What is probate? Some frequently asked questions for probate matters
- What is Probate?
- Who takes charge if there is no Will?
- Do you always need to get a grant of probate or a grant of letters of administration?
- How do you apply for probate or letters of administration?
- Do all the executors need to apply for probate?
- Will you have to submit an Inland Revenue account for inheritance tax purposes?
- Will you have to pay inheritance tax?
- How long will the administration of the estate take?
Probate is only granted where the deceased left a Will. The grant of probate of the Will is a Court Order that gives the executors of the Will the right to deal with the assets and property of the person who has died. For example, when you show the grant of probate to a bank they know they are dealing with the person who is allowed to handle the estate and they will allow you to close the deceased's account.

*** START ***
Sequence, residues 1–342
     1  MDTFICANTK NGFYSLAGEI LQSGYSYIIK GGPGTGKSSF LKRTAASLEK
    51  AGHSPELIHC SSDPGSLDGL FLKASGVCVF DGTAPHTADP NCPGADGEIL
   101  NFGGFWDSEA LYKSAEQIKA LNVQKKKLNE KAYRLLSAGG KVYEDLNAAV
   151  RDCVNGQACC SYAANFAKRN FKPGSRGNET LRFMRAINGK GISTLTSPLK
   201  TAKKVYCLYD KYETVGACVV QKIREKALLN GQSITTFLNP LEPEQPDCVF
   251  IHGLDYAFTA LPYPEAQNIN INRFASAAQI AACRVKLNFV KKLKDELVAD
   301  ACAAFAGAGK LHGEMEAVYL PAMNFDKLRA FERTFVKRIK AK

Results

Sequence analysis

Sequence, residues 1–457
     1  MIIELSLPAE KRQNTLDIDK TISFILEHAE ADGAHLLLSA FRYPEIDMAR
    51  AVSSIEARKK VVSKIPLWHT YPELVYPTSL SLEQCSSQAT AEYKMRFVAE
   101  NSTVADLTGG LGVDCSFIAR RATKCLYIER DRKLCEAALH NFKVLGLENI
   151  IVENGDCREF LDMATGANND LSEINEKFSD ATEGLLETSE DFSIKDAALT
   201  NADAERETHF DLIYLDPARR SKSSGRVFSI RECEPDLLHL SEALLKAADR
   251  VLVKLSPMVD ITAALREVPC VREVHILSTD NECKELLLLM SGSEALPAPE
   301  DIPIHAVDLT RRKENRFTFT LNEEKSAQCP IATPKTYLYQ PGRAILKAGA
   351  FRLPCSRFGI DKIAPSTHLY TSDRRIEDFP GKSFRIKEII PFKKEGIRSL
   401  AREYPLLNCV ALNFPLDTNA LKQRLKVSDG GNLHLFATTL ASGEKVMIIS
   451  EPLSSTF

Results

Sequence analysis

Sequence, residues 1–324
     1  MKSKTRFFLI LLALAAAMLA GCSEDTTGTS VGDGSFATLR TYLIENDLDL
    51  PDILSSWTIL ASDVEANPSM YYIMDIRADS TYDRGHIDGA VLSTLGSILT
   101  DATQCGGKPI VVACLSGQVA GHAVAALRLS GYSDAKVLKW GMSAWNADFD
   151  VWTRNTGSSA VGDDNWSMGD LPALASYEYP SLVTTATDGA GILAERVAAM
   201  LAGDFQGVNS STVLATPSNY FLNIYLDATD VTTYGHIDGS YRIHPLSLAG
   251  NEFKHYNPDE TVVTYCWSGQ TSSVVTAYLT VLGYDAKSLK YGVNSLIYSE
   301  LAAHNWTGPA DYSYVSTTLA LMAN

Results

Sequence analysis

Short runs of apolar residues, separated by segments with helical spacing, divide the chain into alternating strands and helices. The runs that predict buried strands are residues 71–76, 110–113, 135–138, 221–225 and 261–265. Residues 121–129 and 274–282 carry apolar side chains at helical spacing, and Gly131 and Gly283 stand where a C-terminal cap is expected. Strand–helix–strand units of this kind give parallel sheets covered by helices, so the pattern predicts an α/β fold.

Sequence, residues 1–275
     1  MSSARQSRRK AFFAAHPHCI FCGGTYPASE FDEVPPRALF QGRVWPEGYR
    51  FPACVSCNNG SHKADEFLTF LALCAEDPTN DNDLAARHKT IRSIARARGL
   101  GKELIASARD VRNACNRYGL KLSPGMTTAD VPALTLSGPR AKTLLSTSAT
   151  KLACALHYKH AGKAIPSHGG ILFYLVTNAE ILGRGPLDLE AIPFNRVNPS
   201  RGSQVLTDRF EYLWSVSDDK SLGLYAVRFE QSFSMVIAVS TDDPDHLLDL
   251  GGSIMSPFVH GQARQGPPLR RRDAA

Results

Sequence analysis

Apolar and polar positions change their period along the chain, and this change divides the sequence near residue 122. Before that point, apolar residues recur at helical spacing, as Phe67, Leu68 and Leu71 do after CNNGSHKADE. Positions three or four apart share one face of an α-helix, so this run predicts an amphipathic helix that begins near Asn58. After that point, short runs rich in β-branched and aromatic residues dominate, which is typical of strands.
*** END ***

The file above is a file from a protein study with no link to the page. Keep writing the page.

If the deceased did not make a Will, their estate will be shared out under the "rules of intestacy". These rules set out who deals with the estate and who benefits from it. There is a strict order of entitlement and we will advise as to who is entitled.
Where there is no Will the Court Order is known as a grant of letters of administration (as opposed to a grant of probate where there is a Will) and the persons appointed by the grant of letters of administration are known as administrators (as opposed to executors where there is a Will). You apply for a grant of letters of administration in the same way as you would apply for probate.
In some cases you do not need to apply for a grant. This is when the person who has died left very little (usually under £5000) or else everything they own was held in joint names with someone whose share automatically passes to them.